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It’s Time to Tackle the Year-End Financial Checklist

Here we are again in the final quarter of the year when thoughts turn to Thanksgiving and Christmas and… reviewing your financial house. Oh, that’s not on your list? Well, let’s put it there because financial issues cannot be on automatic pilot. Things change and you need to keep current. Here are 16 items you need to review before the end of the year.

Tax Loss Harvesting

No one wants to pay more taxes than necessary (at least no one I know) and harvesting capital losses to offset any capital gains is one way to do that. Even if you can’t use all the losses this year, excess losses are carried forward to be used in future years.

You might be reluctant to sell an investment you really like. But keep in mind the Wash Sale Rule from IRS Code section 1092. It allows you to sell a position at a loss, deduct the loss, and buy back the same investment or one similar in 30 days. Buy it back in less than 30 days and the deduction is not allowed. The risk you run is if there is a major move in that investment during the 30-day period.

Charitable Contributions

You still have until December 31 to make tax-deductible charitable contributions. You can donate directly to a charity, or if you want to have more control, you can set up a Donor Advised Fund. You make an irrevocable contribution and receive a tax deduction that year. You can decide later when and to what charity you want to give money.

If you plan to donate the same amount of money each year, you can “bunch” the donation into a single year and increase your potential deduction for that year.

You can also consider giving assets with large capital gains. You won’t have to pay capital gains tax, and if you itemize, you can deduct the full value of the appreciated assets, up to 30% of Adjusted Gross Income (AGI). Generally, for other donations, your deduction is limited to 50% of AGI, unless you only give cash, in which case the limit increases to 60% of AGI. The limits are reduced for donations to certain organizations, such as private foundations.

Max Out Retirement Contributions for 2022

  • 401(k) – $20,500 or $27,000 for people age 50+
  • IRA – $6,000 or $7,000 for people age 50+
  • Simplified Employee Pension – 25% of net self-employment earnings up to $58,000

Contribute to a Health Savings Account (HSA)

If you’re on a high-deductible health plan (HDHP) and not enrolled in Medicare, you may qualify to make tax-free contributions to a health savings account. HSA funds can be withdrawn, tax-free to pay for qualified medical expenses. The 2022 maximum contribution is $3,650 for individuals and $7,300 for families. If you’re over 50 you get an additional $1,000 catch-up contribution.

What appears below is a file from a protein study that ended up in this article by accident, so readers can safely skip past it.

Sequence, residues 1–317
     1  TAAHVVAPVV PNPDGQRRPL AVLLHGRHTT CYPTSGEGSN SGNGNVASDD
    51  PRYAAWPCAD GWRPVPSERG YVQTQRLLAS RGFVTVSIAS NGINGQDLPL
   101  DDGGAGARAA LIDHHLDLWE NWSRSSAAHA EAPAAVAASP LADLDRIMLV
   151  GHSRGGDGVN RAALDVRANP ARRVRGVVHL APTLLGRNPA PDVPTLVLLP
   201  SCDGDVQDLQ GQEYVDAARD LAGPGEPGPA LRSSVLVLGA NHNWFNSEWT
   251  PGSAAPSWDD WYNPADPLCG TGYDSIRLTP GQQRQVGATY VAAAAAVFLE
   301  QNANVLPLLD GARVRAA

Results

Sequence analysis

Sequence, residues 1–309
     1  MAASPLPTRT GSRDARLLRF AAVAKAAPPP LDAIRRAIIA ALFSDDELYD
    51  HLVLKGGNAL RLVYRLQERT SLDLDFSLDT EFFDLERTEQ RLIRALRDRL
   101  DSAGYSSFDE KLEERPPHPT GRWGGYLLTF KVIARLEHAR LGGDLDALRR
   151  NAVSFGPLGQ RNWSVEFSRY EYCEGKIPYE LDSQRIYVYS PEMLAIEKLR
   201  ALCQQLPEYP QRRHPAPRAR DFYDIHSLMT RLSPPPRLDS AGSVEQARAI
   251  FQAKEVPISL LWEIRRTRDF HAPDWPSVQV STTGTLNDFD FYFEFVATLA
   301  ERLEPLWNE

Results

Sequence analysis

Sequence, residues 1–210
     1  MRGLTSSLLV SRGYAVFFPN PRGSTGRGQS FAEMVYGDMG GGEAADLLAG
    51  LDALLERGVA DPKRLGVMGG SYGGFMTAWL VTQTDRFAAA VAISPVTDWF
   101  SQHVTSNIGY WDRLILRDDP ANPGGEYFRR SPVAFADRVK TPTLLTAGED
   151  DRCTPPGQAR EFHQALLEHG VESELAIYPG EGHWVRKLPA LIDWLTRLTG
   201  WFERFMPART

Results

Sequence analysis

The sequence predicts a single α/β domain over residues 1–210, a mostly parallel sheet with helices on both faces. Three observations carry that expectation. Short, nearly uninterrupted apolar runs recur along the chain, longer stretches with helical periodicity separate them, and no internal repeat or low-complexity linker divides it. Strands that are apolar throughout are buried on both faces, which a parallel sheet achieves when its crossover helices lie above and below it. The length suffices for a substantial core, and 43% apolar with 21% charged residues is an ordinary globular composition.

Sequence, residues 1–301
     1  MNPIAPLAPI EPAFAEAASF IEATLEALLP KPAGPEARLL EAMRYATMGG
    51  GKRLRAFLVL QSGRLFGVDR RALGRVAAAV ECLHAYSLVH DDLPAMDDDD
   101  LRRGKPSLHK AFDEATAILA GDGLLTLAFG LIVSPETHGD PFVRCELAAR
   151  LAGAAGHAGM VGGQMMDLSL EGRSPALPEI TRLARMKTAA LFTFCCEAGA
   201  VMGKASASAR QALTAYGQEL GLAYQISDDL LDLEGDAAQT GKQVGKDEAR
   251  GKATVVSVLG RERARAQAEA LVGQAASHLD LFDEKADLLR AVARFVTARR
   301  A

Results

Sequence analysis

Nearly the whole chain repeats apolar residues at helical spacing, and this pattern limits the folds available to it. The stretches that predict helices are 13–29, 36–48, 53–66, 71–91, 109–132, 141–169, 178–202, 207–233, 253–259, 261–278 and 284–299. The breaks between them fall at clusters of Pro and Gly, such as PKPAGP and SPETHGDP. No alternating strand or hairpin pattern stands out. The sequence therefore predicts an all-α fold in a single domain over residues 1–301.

Convert Your Traditional IRA to Roth IRA

In retirement, having access to tax-free IRA distributions can be a benefit. One way to accomplish that is converting some or all of your Traditional IRA into a Roth IRA. But a conversion is taxable and you will have to pay ordinary income taxes on the conversion amount but no early withdrawal penalties. The conversion may make sense this year if you’re in a lower tax bracket or if you’ve been unemployed.

Review Your Tax Withholding

Changes in your number of dependents, income, and marital status can affect how much tax you owe. A review will tell you whether you should make a change in how much you have withheld from your paycheck. The IRS tax withholding calculator can help.

Required Minimum Distributions

If you’re 72 or older, don’t forget to take your Required Minimum Distribution. You want to stay in the good graces of the IRS. If you don’t take the RMD, you’ll pay a 50% penalty on what you should have withdrawn, still be required to take the RMD amount, and pay income taxes on the withdrawal. Avoid the headache.

A possibility for your Required Minimum Distribution (RMD) is a Qualified Charitable Distribution (QCD). The maximum contribution is $100,000. Although a charitable deduction is not allowed for a QCD, you don’t have to include it in your taxable income as you do with a regular RMD.

Check Your Flexible Spending Account (FSA)

A Flexible Spending Account (FSA) allows you to set aside pre-tax money to pay for healthcare expenses not covered by your employer health plan, things like copayments, deductibles, etc.

Generally, you lose any unspent money in your FSA if it’s not used by the end of the calendar year. Some plans contain a grace period that allows you to carry over any unused balance into the next year. If your plan has the carry-over provision, you have until March 15 to use it or lose it. If you’re not sure, check with your benefits department.